I love historical epics. There is something about getting drawn into a family’s story across generations that I find captivating. One of my favorite authors, and a master of historical epics, is Ken Follett. Whether it’s about a the construction of a cathedral in the mid-12th century or a World War, Follett is a master story teller who makes 900 pages feel like they aren’t enough.
I was first introduced to Follett when Pillars of the Earth was recommended to me (by whom, I cannot remember) and within days of starting it I had finished all 800+ pages. More recently I have read the first two books in his Century Trilogy: Fall of Giants and Winter of the World. The Century Trilogy follows 5 families (English, American, German, Russian and Welsh) through the 20th century. The second book follows the children of the characters of the first, and I would guess the third will follow their children. Both of these novels I also finished in days (at 900+ pages each) and I CANNOT WAIT for the third installment (come on fall 2014!). I would rank Fall of Giants and Winter of the World as two of my favorite books of all time. My 2013 reading challenge lists also includes World Without End, the sequel to Pillars of the Earth, and I have no doubt I will enjoy it also.
Follett’s character development is exceptional and he creates a full cast of engaging characters. None of the characters are perfect, making them all the more human and relatable. Because of the nature of historical epics, you follow his characters for a significant period of their lives, and therefore learn what events and experiences have influenced them and watch them develop and grow.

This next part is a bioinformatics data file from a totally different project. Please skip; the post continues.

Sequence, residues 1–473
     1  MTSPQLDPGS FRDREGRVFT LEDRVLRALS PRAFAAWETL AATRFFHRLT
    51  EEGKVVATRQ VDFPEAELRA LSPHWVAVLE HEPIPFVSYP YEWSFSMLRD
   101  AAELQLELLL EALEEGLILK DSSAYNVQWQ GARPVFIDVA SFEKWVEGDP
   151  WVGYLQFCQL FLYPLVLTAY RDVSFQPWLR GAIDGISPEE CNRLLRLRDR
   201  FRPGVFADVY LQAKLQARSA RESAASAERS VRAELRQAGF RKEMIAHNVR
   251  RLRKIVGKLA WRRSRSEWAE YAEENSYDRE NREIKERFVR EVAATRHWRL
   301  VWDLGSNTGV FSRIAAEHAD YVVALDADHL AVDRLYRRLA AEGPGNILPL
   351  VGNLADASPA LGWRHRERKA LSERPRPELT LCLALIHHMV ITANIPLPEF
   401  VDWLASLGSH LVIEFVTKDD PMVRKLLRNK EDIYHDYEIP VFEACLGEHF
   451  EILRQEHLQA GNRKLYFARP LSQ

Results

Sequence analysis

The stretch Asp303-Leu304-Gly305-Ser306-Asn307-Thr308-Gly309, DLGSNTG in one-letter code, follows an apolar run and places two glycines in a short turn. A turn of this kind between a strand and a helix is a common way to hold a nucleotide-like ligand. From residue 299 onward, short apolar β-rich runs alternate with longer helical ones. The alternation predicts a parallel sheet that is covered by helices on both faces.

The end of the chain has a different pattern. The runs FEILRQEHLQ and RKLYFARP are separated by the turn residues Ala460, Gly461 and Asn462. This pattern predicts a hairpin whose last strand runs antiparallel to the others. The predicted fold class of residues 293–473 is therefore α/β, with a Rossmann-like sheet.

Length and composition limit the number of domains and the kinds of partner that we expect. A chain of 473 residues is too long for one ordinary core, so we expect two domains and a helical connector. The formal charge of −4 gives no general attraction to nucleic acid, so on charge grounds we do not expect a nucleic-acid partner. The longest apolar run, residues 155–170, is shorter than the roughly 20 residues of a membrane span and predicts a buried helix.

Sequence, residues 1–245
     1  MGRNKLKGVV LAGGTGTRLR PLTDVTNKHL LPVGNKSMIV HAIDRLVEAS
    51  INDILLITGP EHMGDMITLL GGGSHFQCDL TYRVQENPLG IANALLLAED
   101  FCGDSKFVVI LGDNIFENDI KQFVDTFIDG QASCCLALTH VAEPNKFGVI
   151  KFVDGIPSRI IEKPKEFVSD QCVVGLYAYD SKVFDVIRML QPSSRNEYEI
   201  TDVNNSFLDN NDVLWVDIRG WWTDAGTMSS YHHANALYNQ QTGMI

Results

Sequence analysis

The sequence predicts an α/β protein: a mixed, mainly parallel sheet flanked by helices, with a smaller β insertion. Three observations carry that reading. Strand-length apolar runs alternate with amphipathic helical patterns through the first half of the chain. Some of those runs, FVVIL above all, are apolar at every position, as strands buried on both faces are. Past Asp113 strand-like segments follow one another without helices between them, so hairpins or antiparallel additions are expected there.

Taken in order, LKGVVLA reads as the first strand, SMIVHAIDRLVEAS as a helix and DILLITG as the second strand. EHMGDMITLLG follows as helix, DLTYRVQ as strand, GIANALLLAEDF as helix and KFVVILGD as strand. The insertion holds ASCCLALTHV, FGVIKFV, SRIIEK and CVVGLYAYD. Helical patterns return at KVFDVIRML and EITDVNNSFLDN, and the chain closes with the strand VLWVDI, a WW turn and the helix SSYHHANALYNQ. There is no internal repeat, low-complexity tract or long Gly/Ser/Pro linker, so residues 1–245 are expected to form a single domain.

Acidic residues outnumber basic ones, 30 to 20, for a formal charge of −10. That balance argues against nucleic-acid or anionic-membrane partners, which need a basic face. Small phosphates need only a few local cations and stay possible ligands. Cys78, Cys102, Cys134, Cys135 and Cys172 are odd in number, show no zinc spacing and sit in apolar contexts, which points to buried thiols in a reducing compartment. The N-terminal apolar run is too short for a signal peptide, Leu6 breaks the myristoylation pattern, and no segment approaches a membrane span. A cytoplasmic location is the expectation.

Folletts books are also fast-paced, page turners. You feel as if you are in the story, which can be disturbing since the Century Trilogy takes place during the World Wars. The characters and families woven together in an expert tapestry and fit perfectly into the political events of the time. Follett leaves no detail un-researched in his novels: the events, dates, historical figures, and political turmoil of the times are accurate and skilfully told.
My only complaint about Folletts’s novels is that I sometimes get confused because of the sheer number of characters. Luckily Follett provides a handy list in the front of each book outlining the characters, families and their locations!
I finished Winter of the World, which takes place during the Depression, World War 2 and the early Cold War, only a couple of weeks ago and am still amazed at the effect it had. It is one of those books that you think about for days after finishing. Specifically, it made me think about war and the sacrifice of soldiers. An entire generation risked their lives in World War 2 to preserve our freedom, many fighting on soil that was not their own. Sometimes war is greater than one country and fighting on foreign soil is in the best interests of everyone (as seen by spread of Nazism). I think it is important to never forget what our soldiers did and still do. Just because one is fighting for the freedom of another country, does not mean it is not in everyone’s best interests. I think we forget this sometimes, especially as a generation who has not experienced a World War.
For a novel to have such a profound impact and make me think about life in such a manner, Follett has clearly done his job as an author. I would highly recommend any of Follett’s historical epics (I have never read his spy novels) to anyone and everyone!